reFraming: Dramatic Narratives of African American Female Landowners in Alabama’s Black Belt

Allison Upshaw

Assistant Professor of Music, Stillman College

Editor’s Note:

We are highlighting scholarship that will be featured at the RWSA 15th Triennial conference in Jonesboro, Arkansas, USA, May 15-19, 2024.

The narrative of African American, southern women is often one of submission, subservience, and victimization. However, the author herself is a third-generation landowner.  An examination of the researcher’s own matriarchal lineage inspired this project. Family interviews say that after the slave owner was killed in the Civil War, his sister freed the slaves and divided the land amongst them. Dr. Upshaw’s grandmother, Clara Mae Lewis Adams, was the only child of Henry Lewis, the son of a freed slave. The family land was considered part of heir property and was not individually recognized until the early 1990’s. At this time the heirs came together and legally divided the land, receiving deeds to specific plots. Clara Adams’ deed was passed down to Alice Adams Upshaw upon her death, and is now entrusted to the care of Allison Upshaw. Clara Adams worked as a domestic and only attended school until the third grade. How was she able to maintain ownership of the property when women nor Blacks were legally allowed to own land? How did an entire Black community manage to keep land during Reconstruction and in the Jim Crow South?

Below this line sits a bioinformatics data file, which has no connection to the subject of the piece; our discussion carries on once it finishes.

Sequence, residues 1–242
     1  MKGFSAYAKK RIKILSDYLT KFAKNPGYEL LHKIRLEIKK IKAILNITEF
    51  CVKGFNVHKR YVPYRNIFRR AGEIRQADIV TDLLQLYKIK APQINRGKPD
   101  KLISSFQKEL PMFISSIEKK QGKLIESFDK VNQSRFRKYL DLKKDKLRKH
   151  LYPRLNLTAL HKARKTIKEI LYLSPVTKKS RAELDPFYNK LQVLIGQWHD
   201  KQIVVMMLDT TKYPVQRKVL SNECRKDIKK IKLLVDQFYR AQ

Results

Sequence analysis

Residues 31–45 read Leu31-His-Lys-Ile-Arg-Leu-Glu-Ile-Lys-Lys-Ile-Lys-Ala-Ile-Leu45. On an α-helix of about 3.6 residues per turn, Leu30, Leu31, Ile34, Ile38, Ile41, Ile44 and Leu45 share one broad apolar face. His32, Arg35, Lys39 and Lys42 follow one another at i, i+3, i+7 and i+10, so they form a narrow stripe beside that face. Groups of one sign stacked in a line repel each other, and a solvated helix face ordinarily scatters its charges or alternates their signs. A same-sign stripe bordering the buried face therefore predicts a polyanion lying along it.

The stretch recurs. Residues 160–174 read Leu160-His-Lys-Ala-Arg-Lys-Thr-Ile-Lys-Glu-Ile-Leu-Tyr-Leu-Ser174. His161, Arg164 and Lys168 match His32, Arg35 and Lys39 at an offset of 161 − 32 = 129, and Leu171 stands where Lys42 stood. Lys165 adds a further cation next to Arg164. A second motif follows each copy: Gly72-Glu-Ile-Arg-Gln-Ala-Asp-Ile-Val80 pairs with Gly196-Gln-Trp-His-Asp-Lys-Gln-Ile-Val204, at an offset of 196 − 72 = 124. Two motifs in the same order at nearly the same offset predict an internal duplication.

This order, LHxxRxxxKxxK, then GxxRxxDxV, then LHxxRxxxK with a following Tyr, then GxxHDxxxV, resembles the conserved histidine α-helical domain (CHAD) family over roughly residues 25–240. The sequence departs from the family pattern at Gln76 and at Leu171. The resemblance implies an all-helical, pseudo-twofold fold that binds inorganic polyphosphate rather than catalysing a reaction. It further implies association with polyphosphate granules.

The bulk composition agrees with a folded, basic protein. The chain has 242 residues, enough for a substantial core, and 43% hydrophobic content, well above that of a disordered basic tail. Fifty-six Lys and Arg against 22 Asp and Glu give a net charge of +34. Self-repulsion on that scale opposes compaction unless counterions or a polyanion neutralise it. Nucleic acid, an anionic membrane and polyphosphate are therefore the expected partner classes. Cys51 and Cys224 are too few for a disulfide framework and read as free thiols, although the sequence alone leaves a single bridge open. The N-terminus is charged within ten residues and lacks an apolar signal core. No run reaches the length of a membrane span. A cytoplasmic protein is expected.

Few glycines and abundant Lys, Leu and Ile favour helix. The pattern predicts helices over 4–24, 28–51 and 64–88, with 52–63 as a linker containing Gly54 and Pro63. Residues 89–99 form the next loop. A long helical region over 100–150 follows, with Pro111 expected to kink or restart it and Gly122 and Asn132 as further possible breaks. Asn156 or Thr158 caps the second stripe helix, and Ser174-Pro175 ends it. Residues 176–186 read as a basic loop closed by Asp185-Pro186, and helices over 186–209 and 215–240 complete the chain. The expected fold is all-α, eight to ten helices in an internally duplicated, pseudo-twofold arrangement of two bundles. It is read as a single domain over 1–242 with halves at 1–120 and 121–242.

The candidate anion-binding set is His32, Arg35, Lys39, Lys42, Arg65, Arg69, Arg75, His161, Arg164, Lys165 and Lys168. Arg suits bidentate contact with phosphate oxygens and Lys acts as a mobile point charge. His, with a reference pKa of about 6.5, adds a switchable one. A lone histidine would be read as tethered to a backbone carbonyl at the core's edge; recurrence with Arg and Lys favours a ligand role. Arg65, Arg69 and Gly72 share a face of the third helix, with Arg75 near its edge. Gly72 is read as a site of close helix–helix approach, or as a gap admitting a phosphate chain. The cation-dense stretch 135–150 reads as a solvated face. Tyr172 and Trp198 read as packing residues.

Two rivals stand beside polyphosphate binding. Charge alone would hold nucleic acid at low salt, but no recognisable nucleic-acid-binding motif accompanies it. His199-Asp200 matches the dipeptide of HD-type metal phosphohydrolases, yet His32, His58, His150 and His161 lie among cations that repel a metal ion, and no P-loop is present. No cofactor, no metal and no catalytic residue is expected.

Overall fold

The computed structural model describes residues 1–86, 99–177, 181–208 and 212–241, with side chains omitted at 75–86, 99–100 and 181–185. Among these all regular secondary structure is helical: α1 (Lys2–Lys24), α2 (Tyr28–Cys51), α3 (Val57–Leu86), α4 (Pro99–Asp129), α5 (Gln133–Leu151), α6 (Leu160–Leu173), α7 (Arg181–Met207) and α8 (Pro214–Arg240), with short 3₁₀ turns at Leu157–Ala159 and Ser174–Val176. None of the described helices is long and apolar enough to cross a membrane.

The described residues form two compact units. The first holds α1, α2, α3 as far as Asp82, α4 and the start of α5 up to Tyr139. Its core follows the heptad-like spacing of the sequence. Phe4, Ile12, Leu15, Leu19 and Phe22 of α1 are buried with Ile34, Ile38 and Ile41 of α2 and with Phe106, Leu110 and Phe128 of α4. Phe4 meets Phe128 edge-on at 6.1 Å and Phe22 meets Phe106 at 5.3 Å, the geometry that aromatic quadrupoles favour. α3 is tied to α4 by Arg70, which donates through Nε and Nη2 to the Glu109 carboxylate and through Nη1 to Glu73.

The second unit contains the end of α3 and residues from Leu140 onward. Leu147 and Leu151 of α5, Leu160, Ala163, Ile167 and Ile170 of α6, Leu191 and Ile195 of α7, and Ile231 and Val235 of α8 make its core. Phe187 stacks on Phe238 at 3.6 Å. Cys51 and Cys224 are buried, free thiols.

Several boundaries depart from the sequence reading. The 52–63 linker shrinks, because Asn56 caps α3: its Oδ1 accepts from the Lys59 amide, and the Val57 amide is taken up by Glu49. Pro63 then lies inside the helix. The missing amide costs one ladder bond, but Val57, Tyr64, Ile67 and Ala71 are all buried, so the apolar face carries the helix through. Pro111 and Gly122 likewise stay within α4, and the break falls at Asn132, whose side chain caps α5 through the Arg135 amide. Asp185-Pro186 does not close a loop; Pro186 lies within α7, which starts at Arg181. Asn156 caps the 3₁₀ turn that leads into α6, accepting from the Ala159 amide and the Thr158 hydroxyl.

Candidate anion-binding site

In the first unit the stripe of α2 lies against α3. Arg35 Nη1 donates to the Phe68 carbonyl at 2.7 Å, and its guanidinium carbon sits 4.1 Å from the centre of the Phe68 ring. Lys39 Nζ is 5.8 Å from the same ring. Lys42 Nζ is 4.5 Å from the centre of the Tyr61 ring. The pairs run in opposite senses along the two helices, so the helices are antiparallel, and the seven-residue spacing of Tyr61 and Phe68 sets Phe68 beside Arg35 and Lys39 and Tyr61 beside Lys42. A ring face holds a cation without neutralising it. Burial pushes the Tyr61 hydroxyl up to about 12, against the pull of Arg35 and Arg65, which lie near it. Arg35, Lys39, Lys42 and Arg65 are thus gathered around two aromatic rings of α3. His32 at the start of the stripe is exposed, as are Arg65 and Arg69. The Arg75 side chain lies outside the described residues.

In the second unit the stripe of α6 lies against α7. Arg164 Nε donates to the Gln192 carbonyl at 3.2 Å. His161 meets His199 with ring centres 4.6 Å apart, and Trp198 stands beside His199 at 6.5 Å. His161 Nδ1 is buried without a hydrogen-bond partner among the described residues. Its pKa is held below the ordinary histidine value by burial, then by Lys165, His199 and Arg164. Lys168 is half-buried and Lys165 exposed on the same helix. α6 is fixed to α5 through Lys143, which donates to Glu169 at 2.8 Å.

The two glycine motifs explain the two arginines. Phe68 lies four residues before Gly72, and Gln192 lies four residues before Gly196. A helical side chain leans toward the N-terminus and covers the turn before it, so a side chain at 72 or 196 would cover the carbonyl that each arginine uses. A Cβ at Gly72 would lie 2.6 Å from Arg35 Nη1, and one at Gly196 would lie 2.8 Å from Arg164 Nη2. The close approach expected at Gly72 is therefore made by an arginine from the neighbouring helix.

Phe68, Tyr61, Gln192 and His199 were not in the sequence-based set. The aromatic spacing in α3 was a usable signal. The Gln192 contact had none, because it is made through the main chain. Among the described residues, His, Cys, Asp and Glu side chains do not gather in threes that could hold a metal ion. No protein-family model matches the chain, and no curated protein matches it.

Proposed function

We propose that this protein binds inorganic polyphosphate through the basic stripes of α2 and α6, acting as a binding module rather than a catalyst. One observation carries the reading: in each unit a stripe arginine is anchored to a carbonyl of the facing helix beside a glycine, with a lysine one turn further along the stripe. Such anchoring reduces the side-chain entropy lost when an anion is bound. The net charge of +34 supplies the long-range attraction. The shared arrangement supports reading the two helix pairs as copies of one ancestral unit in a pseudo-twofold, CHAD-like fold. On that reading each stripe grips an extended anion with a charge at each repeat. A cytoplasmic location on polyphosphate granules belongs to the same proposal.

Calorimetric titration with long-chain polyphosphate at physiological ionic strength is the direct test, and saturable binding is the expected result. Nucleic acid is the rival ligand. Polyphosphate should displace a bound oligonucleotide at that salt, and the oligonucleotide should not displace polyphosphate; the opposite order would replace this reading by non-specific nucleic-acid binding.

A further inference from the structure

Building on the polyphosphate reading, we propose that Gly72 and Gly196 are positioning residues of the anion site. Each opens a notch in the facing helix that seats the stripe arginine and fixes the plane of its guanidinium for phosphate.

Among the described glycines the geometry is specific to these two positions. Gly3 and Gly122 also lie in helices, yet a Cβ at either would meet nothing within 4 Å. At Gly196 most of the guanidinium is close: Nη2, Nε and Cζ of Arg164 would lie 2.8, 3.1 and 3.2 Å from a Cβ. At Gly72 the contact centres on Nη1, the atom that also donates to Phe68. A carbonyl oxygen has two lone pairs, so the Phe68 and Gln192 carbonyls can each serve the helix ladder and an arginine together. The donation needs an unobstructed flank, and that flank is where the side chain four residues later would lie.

This conference presentation is an ethnographic storying of Black, female, landowners in Alabama’s Black Belt. The author braids together information from public records, interviews, creative nonfiction, as well as cultural and community narratives to dramatically portray these women’s lives.

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